List of Airports in Japan - Airport Classifications


Airport Classifications

In Japan, airports serving civil aviation routes are governed by the Aeronautical Law for safety purposes, by the Noise Prevention Law for noise prevention purposes and by the Airport Development Law for economic development purposes. The latter law groups such airports into four legal classifications:

  • Hub/First Class airports (拠点空港) serve a hub role in domestic or international transportation. They are subdivided into privately-managed airports (the three largest international airports), national airports (run by the central government) and special regional airports (hubs run by prefectural or municipal governments).
  • Regional/Second Class airports (地方管理空港) are other prefectural/municipal airports that the central government deems important to national aviation.
  • Joint-use/Third Class airports (共用空港) are those shared between civil aviation and the Japan Self-Defense Forces.
  • Other airports (その他の空港) fall outside the above categories.

Some airports in Japan do not fall under the scope of the Japanese airport statutes. These include the three major U.S. military air bases in Japan (Kadena Air Base, MCAS Iwakuni and Yokota Air Base) and certain smaller aerodromes for firefighting, corporate or other special purposes. In 2001, the Ministry of Agriculture, Forestry and Fisheries, which receives 20% of the public-works construction budget, commenced a scheme to build airfields predominantly for airlifting vegetables. Kasaoka Airfield was one of nine airfields constructed; however it was later determined that flying vegetables to Okayama from Kasaoka took just as long due to loading and unloading, and cost approximately six times as much as road transport.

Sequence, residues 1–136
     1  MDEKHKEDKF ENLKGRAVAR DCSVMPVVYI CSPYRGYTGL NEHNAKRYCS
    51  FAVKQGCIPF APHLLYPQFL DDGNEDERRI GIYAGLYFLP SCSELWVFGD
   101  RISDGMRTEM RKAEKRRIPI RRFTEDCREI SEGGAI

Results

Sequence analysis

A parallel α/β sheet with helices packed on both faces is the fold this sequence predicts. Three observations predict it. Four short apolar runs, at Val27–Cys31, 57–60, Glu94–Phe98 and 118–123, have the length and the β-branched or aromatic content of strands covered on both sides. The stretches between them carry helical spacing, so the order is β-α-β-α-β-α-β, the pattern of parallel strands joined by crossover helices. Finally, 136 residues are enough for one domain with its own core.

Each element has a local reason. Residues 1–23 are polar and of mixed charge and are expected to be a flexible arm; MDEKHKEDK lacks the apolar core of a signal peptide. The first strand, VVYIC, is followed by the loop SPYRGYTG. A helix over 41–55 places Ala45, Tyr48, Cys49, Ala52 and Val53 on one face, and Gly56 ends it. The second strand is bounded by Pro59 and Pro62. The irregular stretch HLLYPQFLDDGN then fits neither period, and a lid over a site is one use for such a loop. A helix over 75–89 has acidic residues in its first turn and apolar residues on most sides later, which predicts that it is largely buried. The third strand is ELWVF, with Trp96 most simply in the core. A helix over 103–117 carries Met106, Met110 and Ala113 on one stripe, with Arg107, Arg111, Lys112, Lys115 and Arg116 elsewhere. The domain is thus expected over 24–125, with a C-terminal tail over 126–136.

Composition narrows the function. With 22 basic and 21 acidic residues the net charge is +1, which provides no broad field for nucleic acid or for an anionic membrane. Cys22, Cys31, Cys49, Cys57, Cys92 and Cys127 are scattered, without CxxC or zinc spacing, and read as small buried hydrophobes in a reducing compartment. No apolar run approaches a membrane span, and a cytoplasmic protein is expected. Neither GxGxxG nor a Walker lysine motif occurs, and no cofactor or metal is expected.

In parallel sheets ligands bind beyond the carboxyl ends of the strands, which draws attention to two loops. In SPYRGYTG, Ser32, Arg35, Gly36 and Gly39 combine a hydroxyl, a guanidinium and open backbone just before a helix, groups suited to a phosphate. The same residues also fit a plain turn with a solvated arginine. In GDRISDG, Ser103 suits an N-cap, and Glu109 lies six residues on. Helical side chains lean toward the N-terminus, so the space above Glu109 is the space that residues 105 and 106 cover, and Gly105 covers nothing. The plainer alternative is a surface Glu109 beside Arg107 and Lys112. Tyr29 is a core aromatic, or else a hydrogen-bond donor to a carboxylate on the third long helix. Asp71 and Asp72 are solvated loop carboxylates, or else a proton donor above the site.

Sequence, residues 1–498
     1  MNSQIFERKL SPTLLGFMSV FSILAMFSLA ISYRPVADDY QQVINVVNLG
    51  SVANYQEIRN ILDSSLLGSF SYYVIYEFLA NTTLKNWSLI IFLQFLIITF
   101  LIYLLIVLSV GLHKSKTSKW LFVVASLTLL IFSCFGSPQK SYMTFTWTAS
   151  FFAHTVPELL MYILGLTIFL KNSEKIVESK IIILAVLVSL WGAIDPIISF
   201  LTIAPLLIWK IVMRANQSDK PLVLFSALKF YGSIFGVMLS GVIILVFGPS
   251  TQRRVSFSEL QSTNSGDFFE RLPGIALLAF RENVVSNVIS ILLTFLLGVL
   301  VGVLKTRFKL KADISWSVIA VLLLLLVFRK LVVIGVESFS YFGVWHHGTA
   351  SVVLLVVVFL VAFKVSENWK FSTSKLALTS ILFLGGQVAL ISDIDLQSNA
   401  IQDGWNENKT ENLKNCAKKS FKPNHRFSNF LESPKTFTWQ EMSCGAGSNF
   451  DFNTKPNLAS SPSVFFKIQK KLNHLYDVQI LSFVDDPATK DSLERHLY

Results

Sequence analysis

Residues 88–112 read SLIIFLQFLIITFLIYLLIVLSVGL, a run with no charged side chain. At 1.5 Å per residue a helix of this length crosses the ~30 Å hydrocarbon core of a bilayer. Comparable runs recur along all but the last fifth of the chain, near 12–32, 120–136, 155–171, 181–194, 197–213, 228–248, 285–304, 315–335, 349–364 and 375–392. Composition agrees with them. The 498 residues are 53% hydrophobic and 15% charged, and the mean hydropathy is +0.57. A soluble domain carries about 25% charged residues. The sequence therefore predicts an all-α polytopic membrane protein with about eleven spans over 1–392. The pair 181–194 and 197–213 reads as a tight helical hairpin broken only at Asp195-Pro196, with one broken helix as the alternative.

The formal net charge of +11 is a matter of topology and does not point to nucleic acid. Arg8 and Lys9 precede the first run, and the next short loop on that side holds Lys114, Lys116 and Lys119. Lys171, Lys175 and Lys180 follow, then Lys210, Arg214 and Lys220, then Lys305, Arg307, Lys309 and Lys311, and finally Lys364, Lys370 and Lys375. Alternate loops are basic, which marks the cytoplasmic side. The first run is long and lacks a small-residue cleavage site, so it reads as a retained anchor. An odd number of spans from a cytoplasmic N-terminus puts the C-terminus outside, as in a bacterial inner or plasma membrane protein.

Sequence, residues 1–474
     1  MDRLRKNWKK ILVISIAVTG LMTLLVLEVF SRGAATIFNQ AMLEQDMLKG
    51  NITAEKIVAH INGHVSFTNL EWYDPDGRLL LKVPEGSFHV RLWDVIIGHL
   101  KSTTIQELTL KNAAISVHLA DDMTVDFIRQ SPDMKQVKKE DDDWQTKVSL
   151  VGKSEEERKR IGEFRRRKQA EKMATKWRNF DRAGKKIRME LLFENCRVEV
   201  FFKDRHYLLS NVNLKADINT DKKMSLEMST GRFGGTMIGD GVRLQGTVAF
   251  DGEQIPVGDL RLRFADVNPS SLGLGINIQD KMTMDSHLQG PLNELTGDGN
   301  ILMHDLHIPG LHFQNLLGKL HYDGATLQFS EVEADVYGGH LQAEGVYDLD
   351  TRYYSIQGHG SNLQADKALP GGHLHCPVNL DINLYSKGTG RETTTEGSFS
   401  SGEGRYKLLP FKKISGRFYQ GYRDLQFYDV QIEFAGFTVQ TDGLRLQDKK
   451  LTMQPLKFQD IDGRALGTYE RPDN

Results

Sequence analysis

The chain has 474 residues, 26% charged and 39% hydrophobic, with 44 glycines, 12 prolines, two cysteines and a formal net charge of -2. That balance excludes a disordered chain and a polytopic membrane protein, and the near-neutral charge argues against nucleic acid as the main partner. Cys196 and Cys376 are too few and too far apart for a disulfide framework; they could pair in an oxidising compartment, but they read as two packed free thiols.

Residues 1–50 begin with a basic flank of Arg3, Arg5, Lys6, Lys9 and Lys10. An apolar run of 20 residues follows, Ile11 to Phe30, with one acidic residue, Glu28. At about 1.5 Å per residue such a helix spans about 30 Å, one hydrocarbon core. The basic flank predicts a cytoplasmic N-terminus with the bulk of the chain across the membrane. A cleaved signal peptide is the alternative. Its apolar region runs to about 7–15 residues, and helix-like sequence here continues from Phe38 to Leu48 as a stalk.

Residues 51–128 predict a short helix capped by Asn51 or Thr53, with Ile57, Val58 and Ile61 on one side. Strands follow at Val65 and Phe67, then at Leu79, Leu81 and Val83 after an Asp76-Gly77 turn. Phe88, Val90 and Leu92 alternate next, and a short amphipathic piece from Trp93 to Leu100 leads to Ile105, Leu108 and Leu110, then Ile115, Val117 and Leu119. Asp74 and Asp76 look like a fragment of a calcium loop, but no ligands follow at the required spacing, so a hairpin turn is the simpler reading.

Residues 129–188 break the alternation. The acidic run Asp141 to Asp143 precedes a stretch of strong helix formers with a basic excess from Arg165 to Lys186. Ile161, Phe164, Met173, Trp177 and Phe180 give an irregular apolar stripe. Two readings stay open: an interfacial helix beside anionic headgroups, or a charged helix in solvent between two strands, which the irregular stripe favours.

Read more about this topic:  List Of Airports In Japan

Famous quotes containing the word airport:

    Airplanes are invariably scheduled to depart at such times as 7:54, 9:21 or 11:37. This extreme specificity has the effect on the novice of instilling in him the twin beliefs that he will be arriving at 10:08, 1:43 or 4:22, and that he should get to the airport on time. These beliefs are not only erroneous but actually unhealthy.
    Fran Lebowitz (b. 1950)